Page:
Changes for investors include RMD age increases, higher catch-up contribution limits and a new 529 transferal option.
Passed in December 2022, the SECURE Act 2.0 includes a comprehensive set of provisions intended to help many Americans and employers with retirement saving. Many of its provisions are not detailed here, so please contact your financial advisor to see how this new legislation affects your financial plan.
For those age 60-63, the catch-up contribution limit will increase to the greater of $10,000 or 150% of the regular catch-up amount for 401(k) and similar type plans. The higher allowance is effective starting in 2025. Similarly, SIMPLE plan participants who are age 60, 61, 62 or 63 will have their plan catch-up contribution limit increased to the greater of $5,000 or 150% of the regular SIMPLE catch-up contribution amount for 2025, indexed for inflation.
Individuals age 50 and older can currently contribute an additional $1,000 to either a traditional or Roth IRA. Beginning in 2024, catch-up contributions will be indexed for inflation.
Individuals that turn 72 in 2023 and beyond can now delay taking RMDs from their IRA until the year they turn 73. The RMD start age will move to age 75 in 2033. The increase allows some people to continue with tax deferral on their qualified accounts and provides an expanded time frame for strategic Roth conversions.
If an RMD is not satisfied for the current year, a 50% penalty can be assessed on the amount not withdrawn. Effective immediately, the SECURE Act 2.0 decreases that penalty to 25% on the amount not withdrawn. If the missed RMD is taken within a “correction window,” the penalty is reduced to 10%.
While the RMD age increased to 73, the age an individual can use QCDs remains at 70 1/2. This is good news for those wishing to begin QCDs before RMD age.
For those eligible, QCDs are currently capped at $100,000 annually. With the passage of the SECURE Act 2.0, this limit will be indexed for inflation.
Beginning in 2023, a one-time QCD of up to $50,000 can be directed towards a split-interest entity such as a Charitable Remainder Annuity Trust (CRAT), Charitable Remainder Unitrust (CRUT) or Charitable Gift Annuity (CGA). To qualify, the distribution cannot be added to an existing CRAT, CRUT, or CGA and must fund a new one.
Effective in 2024, a beneficiary’s unused 529 funds may be transferred to a Roth IRA in the name of the beneficiary, subject to several rules:
Prior to the SECURE Act 2.0, Roth IRA owners were exempt from taking RMDs. However, Roth accounts in employer plans, such as 401(k)s and 403(b)s were not exempt from the RMD rule. Effective 2024, individuals will no longer be required to take distributions from Roth accounts from employer plans.
Effective in the 2023 tax year, the SECURE Act 2.0 authorizes the creation of both SIMPLE Roth IRA accounts and SEP Roth IRA accounts. Prior to this change, SIMPLE and SEP plans could only include pretax funds.
SECURE Act 2.0 requires that catch-up contributions for high income earners be made in Roth accounts starting in 2024. The new rule applies to catch-up contributions for 401(k), 403(b) and governmental 457 (b) plans, but not to catch-up contributions for IRAs, including SEP and SIMPLE IRAs. The Roth restriction on catch-up contributions imposed by the SECURE Act 2.0 applies to those with wages in excess of $145,000 (adjusted for inflation in the future) in the previous calendar year. At this time, it appears that the rule excludes self-employed individuals (e.g., sole proprietors and partners).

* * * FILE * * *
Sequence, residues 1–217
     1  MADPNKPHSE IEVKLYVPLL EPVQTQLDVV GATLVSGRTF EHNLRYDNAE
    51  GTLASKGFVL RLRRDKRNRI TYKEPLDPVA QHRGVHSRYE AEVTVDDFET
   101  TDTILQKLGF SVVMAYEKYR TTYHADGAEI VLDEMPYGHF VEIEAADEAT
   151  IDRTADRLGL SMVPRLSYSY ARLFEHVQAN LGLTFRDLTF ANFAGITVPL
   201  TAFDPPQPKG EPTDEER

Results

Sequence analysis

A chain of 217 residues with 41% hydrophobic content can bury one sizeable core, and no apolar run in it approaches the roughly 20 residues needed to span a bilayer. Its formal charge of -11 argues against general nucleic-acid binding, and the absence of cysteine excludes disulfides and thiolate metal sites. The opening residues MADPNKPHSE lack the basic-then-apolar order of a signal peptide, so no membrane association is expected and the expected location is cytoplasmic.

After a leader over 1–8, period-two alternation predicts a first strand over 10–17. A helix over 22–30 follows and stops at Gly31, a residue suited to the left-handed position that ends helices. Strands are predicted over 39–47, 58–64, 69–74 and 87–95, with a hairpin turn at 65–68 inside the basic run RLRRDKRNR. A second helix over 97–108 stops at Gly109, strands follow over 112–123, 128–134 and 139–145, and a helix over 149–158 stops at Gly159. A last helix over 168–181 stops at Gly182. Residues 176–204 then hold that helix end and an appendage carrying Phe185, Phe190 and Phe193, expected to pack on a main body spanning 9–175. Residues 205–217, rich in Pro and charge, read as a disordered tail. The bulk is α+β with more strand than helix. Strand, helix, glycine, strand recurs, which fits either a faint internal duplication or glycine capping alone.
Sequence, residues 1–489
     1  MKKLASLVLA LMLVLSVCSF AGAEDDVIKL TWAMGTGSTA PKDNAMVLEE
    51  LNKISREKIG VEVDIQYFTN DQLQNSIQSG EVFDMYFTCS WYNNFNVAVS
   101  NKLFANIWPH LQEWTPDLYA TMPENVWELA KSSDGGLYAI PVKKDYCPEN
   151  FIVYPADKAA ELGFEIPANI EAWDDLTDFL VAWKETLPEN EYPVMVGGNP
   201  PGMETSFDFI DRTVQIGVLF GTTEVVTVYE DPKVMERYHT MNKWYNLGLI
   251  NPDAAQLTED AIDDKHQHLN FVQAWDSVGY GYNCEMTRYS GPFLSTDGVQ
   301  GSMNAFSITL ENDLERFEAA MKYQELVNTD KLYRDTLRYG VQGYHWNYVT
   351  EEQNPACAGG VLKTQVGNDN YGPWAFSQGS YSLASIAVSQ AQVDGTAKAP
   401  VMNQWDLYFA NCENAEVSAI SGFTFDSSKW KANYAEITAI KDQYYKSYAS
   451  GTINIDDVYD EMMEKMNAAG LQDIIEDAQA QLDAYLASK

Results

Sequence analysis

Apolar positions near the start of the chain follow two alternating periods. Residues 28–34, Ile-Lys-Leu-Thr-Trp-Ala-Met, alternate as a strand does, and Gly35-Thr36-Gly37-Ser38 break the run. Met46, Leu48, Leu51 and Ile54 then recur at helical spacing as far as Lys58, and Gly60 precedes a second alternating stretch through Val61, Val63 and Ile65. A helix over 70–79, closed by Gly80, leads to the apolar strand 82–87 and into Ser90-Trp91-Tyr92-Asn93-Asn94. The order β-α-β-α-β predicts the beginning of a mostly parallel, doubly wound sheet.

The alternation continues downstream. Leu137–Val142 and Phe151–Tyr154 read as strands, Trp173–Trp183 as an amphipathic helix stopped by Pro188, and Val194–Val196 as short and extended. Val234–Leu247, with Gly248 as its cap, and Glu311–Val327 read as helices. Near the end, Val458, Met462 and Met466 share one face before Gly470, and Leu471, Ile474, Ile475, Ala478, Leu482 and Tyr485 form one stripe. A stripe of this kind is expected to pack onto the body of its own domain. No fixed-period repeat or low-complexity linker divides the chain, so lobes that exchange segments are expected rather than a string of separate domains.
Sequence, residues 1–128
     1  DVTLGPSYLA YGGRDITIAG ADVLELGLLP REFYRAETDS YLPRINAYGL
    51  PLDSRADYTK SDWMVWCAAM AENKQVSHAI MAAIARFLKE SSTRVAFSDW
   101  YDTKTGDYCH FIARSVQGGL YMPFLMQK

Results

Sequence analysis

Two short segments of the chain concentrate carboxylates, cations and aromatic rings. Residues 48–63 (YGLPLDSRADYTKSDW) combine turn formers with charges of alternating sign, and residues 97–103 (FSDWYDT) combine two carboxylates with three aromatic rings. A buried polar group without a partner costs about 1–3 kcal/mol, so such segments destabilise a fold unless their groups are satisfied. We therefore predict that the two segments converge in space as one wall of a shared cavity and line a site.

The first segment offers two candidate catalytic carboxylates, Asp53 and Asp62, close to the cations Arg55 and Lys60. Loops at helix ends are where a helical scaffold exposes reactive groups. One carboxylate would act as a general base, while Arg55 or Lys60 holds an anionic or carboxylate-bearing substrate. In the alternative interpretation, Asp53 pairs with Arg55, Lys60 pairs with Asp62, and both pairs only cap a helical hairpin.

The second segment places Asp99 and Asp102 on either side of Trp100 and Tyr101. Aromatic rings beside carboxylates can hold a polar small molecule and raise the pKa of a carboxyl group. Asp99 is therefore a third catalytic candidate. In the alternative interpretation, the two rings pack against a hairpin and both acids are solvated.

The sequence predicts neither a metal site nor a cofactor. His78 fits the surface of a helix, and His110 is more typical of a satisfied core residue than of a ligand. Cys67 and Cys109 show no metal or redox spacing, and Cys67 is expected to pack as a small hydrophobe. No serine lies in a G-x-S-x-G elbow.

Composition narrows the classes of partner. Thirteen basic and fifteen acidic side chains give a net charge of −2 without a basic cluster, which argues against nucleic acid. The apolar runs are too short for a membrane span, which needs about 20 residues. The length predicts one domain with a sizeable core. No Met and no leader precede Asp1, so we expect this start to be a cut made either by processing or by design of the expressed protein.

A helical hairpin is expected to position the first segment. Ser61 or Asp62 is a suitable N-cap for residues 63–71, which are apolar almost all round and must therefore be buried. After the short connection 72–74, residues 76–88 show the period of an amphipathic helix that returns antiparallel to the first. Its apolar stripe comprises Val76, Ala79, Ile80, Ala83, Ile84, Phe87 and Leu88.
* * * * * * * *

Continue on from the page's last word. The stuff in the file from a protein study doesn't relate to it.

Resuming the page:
Under SECURE Act 2.0, there is an expansion of the 10% penalty exceptions that apply to IRAs, employer plans or both.
Effective December 29, 2025:
Effective 2024, for the purpose of RMDs under a decedent spouse’s retirement plan, the surviving spouse can elect to be treated as the decedent spouse. This allows the surviving spouse to delay taking RMDs until the decedent spouse would have reached the applicable starting age and then take distributions using the Uniform Life Table and the decedent spouse’s life expectancy.
Under previous rules, an individual could use the lesser of 25% or $155,000 of their retirement savings account or IRA to buy a QLAC. Effective immediately, the SECURE Act 2.0 eliminates the 25% of account balance limit on QLACs and increases the purchase amount to $200,000. However, legacy QLACs are still subject to the lesser of 25% or 155,000 maximum amount.
Effective immediately, income annuities held within qualified plans and IRAs are able to offer additional benefits without violating actuarial rules related to RMDs. Several new benefits are now available but the most notable one is the ability to offer an inflation adjusted increase to the income, not to exceed 5%.
The SECURE Act placed limits on the ability of beneficiaries of defined contribution retirement plans and IRAs to receive lifetime distributions after the account owner’s death. Special rules apply in the case of certain beneficiaries, such as those with a disability. The SECURE Act 2.0 clarifies that, in the case of a special needs trust established for a beneficiary with a disability, the trust may provide for a qualified charitable organization as the remainder beneficiary.
ABLE programs are tax-advantaged savings programs for certain people with disabilities. Distributions from an ABLE account are tax-free if used for qualified disability expenses of the designated beneficiary. Effective in 2026, ABLE accounts will be able to be established for individuals who become disabled prior to age 46 (an increase from age 26).The content provided herein is based on an interpretation by Raymond James of the SECURE Act 2.0 and is not intended to be legal advice or provide a tax opinion. Please discuss these matters with the appropriate professional. This resource is a summary only and not meant to represent all provisions within the SECURE Act 2.0.